Greenland Sharks typically eat fish such as sharks, skates, eels, herring, capelin, arctic char, cod, rosefish, and sculpins. They commonly have 10 offspring at a time and are independent since birth. Greenland sharks have the longest known lifespan of all vertebrate species at up to 500 years. Greenland sharks are currently near-threatened by extinction due to hunting by humans.

Greenland Sharks have a total length between 12’-24’ (3.7-7.3 m) and an overall weight in the range of 1950-2250 lb (885-1020 kg). The typical lifespan of the Greenland Shark is a lengthy 300-500 years.

Scaled collection of drawings of Greenland Shark in various poses
The Greenland Shark (Somniosus Microcephalus), also referred to as the gurry shark, has a short-rounded snout, small eyes, and between 48 to 52 teeth. Male Greenland sharks are smaller than female sharks. Greenland sharks live in the northern Atlantic and Arctic Ocean.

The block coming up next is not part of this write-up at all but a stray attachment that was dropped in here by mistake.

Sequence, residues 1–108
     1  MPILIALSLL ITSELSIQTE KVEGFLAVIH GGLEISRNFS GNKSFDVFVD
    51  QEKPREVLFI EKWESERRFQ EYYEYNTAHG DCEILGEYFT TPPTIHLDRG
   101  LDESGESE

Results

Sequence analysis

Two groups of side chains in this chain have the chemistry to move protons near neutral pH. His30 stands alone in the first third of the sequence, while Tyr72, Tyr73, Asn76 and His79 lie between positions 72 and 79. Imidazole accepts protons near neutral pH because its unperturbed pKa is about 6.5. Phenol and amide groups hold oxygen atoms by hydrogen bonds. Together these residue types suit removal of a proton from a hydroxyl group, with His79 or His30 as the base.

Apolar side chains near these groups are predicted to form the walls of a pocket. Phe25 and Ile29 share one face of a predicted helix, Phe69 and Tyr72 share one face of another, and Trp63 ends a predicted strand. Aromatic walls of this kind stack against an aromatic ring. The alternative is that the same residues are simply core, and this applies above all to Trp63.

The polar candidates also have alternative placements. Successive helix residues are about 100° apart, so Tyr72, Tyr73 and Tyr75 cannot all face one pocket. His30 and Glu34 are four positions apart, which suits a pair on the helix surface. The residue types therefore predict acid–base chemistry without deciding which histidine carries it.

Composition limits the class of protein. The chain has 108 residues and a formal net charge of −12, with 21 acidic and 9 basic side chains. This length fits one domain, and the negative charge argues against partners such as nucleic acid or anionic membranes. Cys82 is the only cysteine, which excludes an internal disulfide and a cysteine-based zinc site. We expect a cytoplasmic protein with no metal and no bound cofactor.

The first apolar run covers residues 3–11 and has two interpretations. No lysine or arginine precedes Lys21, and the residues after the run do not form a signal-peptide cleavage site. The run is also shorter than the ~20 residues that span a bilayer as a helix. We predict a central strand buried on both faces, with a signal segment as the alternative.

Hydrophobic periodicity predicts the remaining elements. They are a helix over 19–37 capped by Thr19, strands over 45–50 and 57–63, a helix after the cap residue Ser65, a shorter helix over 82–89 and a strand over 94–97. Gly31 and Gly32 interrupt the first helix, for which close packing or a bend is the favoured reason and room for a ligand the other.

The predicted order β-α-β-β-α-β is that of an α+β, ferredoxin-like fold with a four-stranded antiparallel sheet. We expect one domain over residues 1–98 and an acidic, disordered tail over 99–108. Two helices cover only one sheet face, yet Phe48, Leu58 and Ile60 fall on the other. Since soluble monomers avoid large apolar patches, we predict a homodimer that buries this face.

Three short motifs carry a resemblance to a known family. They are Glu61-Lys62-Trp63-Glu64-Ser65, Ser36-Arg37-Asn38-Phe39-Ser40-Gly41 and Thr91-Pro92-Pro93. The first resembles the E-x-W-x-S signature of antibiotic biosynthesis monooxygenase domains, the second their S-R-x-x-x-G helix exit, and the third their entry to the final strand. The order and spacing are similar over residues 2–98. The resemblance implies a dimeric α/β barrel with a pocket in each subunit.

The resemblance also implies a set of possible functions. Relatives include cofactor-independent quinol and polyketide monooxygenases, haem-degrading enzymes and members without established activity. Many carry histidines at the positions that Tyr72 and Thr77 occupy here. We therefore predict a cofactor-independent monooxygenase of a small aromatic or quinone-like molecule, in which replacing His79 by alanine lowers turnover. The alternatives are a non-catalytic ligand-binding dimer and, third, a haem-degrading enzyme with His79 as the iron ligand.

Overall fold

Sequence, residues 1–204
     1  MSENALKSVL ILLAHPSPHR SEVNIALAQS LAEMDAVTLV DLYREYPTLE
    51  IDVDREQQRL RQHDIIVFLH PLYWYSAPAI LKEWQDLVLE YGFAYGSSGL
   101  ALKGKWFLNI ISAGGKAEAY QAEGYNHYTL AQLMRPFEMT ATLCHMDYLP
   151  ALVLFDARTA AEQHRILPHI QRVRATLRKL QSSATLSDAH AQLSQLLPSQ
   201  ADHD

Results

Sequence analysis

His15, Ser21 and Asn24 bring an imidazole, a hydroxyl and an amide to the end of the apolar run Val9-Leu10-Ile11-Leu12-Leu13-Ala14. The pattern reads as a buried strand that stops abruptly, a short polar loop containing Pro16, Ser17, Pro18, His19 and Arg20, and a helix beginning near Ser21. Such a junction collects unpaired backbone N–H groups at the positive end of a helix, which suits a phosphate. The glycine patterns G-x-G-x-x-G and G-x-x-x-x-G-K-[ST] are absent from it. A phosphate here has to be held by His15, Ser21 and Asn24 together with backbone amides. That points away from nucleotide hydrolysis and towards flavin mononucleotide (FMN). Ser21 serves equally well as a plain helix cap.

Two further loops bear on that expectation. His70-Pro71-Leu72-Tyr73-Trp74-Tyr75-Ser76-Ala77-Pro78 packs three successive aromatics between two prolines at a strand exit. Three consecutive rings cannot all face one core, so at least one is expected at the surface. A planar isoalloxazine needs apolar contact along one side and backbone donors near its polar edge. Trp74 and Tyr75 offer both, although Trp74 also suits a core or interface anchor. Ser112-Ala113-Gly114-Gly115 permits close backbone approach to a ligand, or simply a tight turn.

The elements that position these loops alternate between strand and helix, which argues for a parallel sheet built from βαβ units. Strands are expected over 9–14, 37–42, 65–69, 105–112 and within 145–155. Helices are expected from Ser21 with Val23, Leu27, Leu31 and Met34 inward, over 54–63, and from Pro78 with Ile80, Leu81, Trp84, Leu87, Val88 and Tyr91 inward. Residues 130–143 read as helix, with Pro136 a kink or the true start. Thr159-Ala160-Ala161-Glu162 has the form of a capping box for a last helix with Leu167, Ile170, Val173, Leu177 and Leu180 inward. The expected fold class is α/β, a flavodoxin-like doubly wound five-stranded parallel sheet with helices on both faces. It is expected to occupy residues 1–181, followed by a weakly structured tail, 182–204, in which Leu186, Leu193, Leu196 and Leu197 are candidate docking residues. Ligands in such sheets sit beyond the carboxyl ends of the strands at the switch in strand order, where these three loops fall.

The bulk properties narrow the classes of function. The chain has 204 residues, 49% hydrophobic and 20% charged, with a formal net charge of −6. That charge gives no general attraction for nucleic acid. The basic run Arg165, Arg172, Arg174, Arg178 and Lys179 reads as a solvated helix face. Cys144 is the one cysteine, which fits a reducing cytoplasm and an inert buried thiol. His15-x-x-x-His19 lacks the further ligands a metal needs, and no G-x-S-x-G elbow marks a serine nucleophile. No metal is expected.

Greenland Sharks have a total length between 12’-24’ (3.7-7.3 m) and an overall weight in the range of 1950-2250 lb (885-1020 kg). The typical lifespan of the Greenland Shark is a lengthy 300-500 years.

Scaled collection of drawings of Greenland Shark in various poses
Greenland Shark
Height:
Width:
Length:
12’-24’ | 3.7-7.3 m
Depth:
Weight:
1950-2250 lb | 885-1020 kg
Area:
Speed
Scientific Name
Somniosus microcephalus
Lifespan
300-500 years

Drawings include:

Greenland Shark side elevation, side (perspective), front, top

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Nurse Shark
Dimensioned comparison drawing of the Nurse Shark compared to an average person

Nurse Sharks (Ginglymostoma Cirratum) are a species of shark that moves slowly, are bottom-dwellers, and have a smooth gray-brown skin that sets them apart from other sharks. They live along the western Atlantic and eastern Pacific oceans. Nurse sharks ranked fourth in the documented shark attacks to humans.

They are nocturnal and rest along the seafloor during the day. The mouth of the Nurse Shark is filled with thousands of small sharp teeth and their diet consists of shrimp and squid. It is not exactly known what their current population trend is as it has been claimed as data deficient.